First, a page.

Some Odd Things the U.S. Wants Travelers to Know About Other Countries

PHOTO: Potential visitors should "view with skepticism any unsolicited invitations to travel to Ireland to collect winnings or an inheritance" according to the U.S. government. Tim Graham/Getty Images
Potential visitors should "view with skepticism any unsolicited invitations to travel to Ireland to collect winnings or an inheritance" according to the U.S. government.

Any time you travel outside the U.S., check out the State Department's site because it is loaded with practical information.

There's important stuff, scary stuff and even fun stuff, all rolled up in a nice and neat country-by-country listing. Did you know, for instance, that riding a bicycle under the influence in Poland can land you in jail?

That's one thing they warn you about but there's plenty more. Just to be fair, next week I'll tell you what tourists heading to the U.S. get warned about. But for let's see what they say on Travel.State.Gov.

None of what follows should keep you from traveling to any of these wonderful countries; all are well worth a visit (I know, I've been to many of them). Consider these warnings something to keep in mind as you would any good advice. Some are a little odd while others are simply fun. Note: Unless otherwise stated, all quotes come from the State Department's website.

England and the UK

Air rage warning: Air travelers to and from the United Kingdom should be aware that "penalties against alcohol-related and other in-flight crimes are stiff and are being enforced with prison sentences." I bet a lot of passengers would say, serves the bloody twits right.

Gun warnings: Most are aware of the UK's strict gun control laws and if you want to bring a weapon you'd better have a very good reason which you'll need to spell out in a formal application. Here's the tricky part: You must also produce "a letter of good conduct from [your] local U.S. police station."

Romance warnings: Con artists worldwide love the Internet but certain UK hustlers take it to a special level. A current fraud scheme "involves someone posing as a member of U.S. Special Forces who establishes a romantic relationship via online dating services, and then asks for money once that relationship is established." This may say more about the gullibility of Americans than anything else but the bottom line is, don't give money to strangers.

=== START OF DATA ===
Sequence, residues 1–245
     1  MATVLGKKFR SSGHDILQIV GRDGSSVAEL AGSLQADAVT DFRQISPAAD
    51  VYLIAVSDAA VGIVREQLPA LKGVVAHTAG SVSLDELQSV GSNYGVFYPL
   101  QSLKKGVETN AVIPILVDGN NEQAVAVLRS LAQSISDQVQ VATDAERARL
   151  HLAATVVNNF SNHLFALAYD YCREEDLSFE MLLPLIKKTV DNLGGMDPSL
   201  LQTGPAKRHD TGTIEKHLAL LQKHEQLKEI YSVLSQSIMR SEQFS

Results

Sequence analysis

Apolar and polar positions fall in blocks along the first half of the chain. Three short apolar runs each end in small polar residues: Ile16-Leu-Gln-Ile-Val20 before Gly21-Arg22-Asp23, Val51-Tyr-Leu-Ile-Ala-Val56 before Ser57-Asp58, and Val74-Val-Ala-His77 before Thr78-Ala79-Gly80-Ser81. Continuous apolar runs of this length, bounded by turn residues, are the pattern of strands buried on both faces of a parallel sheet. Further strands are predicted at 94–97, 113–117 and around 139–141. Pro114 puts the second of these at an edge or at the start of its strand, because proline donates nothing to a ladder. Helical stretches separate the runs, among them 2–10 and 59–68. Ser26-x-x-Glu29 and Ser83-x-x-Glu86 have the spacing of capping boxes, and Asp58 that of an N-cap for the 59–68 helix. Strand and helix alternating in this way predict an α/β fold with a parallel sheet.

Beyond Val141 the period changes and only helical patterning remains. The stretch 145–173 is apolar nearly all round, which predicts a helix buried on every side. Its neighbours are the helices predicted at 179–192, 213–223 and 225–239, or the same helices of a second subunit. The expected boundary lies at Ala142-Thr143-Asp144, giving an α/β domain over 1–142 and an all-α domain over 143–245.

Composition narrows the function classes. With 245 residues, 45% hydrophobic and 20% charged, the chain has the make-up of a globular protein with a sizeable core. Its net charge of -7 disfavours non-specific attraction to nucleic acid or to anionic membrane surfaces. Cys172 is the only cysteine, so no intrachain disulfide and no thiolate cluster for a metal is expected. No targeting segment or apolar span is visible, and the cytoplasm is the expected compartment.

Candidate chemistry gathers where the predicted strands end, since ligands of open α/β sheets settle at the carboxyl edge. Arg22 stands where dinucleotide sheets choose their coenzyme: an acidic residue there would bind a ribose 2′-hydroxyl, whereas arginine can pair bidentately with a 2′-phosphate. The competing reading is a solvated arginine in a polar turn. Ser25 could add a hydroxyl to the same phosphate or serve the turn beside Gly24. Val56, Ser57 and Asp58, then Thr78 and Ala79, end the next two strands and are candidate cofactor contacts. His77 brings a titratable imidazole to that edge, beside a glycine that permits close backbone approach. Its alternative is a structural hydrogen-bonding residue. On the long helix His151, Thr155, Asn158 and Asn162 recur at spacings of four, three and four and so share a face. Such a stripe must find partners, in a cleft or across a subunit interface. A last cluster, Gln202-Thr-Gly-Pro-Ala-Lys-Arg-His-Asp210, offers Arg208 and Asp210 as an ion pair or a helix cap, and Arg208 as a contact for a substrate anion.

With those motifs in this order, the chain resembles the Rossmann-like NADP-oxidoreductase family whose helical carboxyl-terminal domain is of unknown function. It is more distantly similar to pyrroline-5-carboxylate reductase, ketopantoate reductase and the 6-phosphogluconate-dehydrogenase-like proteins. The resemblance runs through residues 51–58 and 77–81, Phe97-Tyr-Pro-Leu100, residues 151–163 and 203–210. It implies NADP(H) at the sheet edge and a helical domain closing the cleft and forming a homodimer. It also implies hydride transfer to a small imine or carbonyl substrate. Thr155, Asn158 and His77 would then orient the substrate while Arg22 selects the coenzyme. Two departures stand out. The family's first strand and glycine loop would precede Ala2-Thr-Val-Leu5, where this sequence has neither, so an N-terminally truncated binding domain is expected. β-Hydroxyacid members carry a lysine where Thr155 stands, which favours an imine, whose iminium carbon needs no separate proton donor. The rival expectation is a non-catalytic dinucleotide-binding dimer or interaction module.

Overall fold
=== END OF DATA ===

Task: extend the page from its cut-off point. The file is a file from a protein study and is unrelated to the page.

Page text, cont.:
Warrior warnings: Apparently there are still some who find romance in the idea of joining the French Foreign Legion (its website boasts "a chance to start a new life") but as the State Department gently notes, U.S. citizens "should be aware that the cognitive and physical tests to join are extremely challenging." Translation: Despite what you may have heard, they don't take just anyone, and when you wash out, don't go looking to the embassy for a free ride home.


Download warning: The U.S. Embassy in Berlin says there have been incidents of lawyers for German media companies "aggressively identifying individuals who are illegally downloading copyrighted content and then billing those people 1000 Euros or more per incident." So forget that cute Munich cat video and save yourself the $700+ fee.


Easy money warning: Potential visitors should "view with skepticism any unsolicited invitations to travel to Ireland to collect winnings or an inheritance." File this under "Blarney."

Pub warning: The Emerald Isle has "tough drunk driving laws" (now before you jump on me for stereotyping, this nugget was uncovered by an employee of mine who proudly self-identifies as Irish-American).


Nature warnings: Watch out for occasional earthquakes. Fortunately there are no big fault lines near most major cities but there are a few volcanoes, too, like Sicily's Mt. Etna which "has been intermittently erupting since 2000." Before you say, "So what?" it's worth remembering that 2010's Icelandic volcano eruption caused the worst European travel disruption since World War II.

Thieves-with-flair warnings: Not all bad guys look the part so do not be "lulled into a false sense of security that well-dressed individuals are not potential pick-pockets."


Wildlife warnings: Crime is not a big worry in this Scandinavian country, but if you happen to visit the remote Svalbard archipelago (located midway between mainland Norway and the North Pole) you may run across unique hazards such as "polar bear attacks." Norway's official tourism site goes even further, warning visitors to avoid bear confrontations but if that's not possible, "always have a sufficiently powerful weapon at hand when traveling outside the settlements." Note: If heading to Norway via Heathrow, better review the UK gun warning.


Caller-needs-money warning: You don't have to visit Spain to get drained of cash by this scam. It begins with a phone call from your "grandchild" who says he's been arrested in Madrid and needs money but please don't tell his parents! Is that really little Bobby? Of course not, but the State Department says people fall for it. If in doubt, call little Bobby's parents.

Remember, next week it's our turn: What other countries warn their visitors to be wary of in the U.S.